But not everyone bought into these stories. One National Public Radio journalist examined the reports from New Year’s Eve. He found that while the attacks had occurred, they weren’t necessarily exceptional for New Year’s Eve in Germany. In fact, they were part of an ongoing sexual violence crisis at a global level. The difference in 2016 was that the attackers weren’t the usual type of sexual predators who roamed the country.
This same NPR reporter discovered something else, too. The German church hadn’t been gleefully, and purposefully set ablaze by migrants. Rather, Syrian refugees had been celebrating a ceasefire in Syria’s civil war when a firework accidentally landed on the church’s scaffolding.
There had been no “migrant crime wave,” nor an “Islamic Rape of Europe” – simply a determination to find perpetrators among newly-arrived migrants. In short, just plain old racism and xenophobia.
Migration, for both nature and humanity, can and should be facilitated safely.
In February 2018, Russian cosmonauts attached an antenna to the International Space Station. The antenna’s purpose was to scan the Earth’s surface. It would pick up movement from tags fitted onto hundreds of species on Earth.
This data revealed an intricate network of migration pathways wrapped around the planet – by land, sea, and air. It also revealed a more cardinal truth: migration plays a fundamental role in life on Earth. The author thus argues that we need to make it easier for humans and animals to migrate.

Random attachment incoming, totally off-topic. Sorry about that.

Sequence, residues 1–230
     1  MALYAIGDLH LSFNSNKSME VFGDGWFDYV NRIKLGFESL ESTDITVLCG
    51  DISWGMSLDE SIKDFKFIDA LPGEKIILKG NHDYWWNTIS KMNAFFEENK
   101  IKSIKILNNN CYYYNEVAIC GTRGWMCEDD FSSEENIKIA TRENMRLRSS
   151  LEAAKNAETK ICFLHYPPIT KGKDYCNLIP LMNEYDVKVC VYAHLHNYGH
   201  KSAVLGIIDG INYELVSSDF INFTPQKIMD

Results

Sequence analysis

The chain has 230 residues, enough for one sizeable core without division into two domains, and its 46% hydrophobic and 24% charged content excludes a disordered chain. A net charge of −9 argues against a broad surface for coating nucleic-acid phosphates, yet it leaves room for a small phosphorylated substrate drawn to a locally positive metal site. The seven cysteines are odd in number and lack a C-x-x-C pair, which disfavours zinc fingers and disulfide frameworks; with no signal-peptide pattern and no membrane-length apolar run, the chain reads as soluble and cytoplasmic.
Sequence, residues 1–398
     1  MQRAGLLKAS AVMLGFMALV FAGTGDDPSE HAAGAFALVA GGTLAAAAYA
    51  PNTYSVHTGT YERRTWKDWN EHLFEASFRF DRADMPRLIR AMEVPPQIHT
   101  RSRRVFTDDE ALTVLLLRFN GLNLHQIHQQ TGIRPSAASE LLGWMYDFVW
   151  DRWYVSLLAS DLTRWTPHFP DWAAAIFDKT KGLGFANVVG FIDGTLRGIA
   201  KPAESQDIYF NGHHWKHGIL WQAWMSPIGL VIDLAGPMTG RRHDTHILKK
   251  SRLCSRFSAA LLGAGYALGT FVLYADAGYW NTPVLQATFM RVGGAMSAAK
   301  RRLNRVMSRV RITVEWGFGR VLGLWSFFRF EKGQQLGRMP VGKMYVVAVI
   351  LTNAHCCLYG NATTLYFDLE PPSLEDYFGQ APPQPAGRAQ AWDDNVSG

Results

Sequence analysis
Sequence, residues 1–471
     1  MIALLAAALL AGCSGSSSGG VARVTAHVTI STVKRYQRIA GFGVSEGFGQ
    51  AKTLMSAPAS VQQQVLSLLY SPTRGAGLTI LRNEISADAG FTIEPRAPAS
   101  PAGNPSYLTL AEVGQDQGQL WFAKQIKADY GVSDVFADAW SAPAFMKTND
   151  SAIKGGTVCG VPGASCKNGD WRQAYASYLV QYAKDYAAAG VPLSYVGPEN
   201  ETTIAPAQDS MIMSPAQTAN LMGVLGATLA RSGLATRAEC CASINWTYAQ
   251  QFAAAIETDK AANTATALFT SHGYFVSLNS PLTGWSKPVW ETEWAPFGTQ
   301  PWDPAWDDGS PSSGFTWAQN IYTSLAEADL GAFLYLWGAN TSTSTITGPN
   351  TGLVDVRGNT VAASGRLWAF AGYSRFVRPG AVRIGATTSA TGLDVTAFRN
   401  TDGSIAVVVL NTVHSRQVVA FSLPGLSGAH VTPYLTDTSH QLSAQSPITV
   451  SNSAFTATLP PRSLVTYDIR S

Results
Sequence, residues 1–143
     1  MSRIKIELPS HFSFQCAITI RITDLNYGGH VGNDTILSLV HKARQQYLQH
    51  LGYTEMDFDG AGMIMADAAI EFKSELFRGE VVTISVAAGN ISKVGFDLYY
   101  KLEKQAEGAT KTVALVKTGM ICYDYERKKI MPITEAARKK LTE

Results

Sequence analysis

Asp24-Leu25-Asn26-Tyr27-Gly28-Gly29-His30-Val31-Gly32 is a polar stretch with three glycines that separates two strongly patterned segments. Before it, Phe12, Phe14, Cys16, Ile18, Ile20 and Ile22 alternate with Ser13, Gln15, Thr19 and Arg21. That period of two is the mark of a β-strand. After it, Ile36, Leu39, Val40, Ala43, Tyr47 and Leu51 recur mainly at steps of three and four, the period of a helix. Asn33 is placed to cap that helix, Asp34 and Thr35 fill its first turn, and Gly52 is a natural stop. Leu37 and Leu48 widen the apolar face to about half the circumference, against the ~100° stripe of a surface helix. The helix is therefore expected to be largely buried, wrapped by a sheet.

When it comes to animals, human habitation and roads sometimes act as obstacles to migrating species. One way to make the landscape more hospitable for them is to connect fractured habitats with safe, wide “corridors” that support movement.
Some already exist, like the Yellowstone-to-Yukon Initiative in North America. Hundreds of conservation groups have banded together to create a wildlife corridor from northern Canada to Yellowstone Park. That’s five hundred miles of safe passage for migrating animals.
In Canada, special wildlife “bridges” allow grizzly bears, wolverines, and elk safe passage over busy highways. The Netherlands and the US state of Montana have adopted similar structures.
As with nature, so with human beings. The author believes in the possibility of a world where people can move safely across international borders. Having permeable borders would allow those fleeing dangers to avoid drowning at sea or being hunted down by armed border patrol agents. Rather than checkpoints, with their nests of barbed wire, international borders could soften, like those between countries in the European Union, or states in the US.
This doesn’t seem possible, right? Well, initiatives that offer a potential framework for a world like this already exist. For instance, the UN’s Global Compact for Safe, Orderly and Regular Migration advises countries on creating more legal pathways for migrants looking for new livelihoods.
The truth is that human beings are natural migrants. In the end, not even the highest wall or the deepest sea can hold us back. It’s only right, then, that we envision a world where migration can be made safe and dignified for all.